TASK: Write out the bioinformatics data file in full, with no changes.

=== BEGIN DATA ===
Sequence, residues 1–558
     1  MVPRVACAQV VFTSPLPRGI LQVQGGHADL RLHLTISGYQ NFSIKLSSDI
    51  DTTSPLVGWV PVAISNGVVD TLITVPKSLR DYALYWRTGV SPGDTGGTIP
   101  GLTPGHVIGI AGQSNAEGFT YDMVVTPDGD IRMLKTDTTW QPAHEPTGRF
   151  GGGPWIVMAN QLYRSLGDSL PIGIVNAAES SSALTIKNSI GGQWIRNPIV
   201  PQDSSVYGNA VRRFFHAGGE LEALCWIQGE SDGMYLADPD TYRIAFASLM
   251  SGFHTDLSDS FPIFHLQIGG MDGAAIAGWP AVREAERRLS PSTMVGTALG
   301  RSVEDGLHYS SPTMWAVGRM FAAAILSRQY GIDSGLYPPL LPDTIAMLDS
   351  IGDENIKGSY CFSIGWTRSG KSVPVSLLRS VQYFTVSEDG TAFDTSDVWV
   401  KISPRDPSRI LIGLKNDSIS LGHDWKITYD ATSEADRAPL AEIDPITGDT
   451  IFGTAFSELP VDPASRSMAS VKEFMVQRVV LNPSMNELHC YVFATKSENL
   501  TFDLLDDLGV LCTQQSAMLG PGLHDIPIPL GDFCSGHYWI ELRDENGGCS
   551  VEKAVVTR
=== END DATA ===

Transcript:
Sequence, residues 1–558
     1  MVPRVACAQV VFTSPLPRGI LQVQGGHADL RLHLTISGYQ NFSIKLSSDI
    51  DTTSPLVGWV PVAISNGVVD TLITVPKSLR DYALYWRTGV SPGDTGGTIP
   101  GLTPGHVIGI AGQSNAEGFT YDMVVTPDGD IRMLKTDTTW QPAHEPTGRF
   151  GGGPWIVMAN QLYRSLGDSL PIGIVNAAES SSALTIKNSI GGQWIRNPIV
   201  PQDSSVYGNA VRRFFHAGGE LEALCWIQGE SDGMYLADPD TYRIAFASLM
   251  SGFHTDLSDS FPIFHLQIGG MDGAAIAGWP AVREAERRLS PSTMVGTALG
   301  RSVEDGLHYS SPTMWAVGRM FAAAILSRQY GIDSGLYPPL LPDTIAMLDS
   351  IGDENIKGSY CFSIGWTRSG KSVPVSLLRS VQYFTVSEDG TAFDTSDVWV
   401  KISPRDPSRI LIGLKNDSIS LGHDWKITYD ATSEADRAPL AEIDPITGDT
   451  IFGTAFSELP VDPASRSMAS VKEFMVQRVV LNPSMNELHC YVFATKSENL
   501  TFDLLDDLGV LCTQQSAMLG PGLHDIPIPL GDFCSGHYWI ELRDENGGCS
   551  VEKAVVTR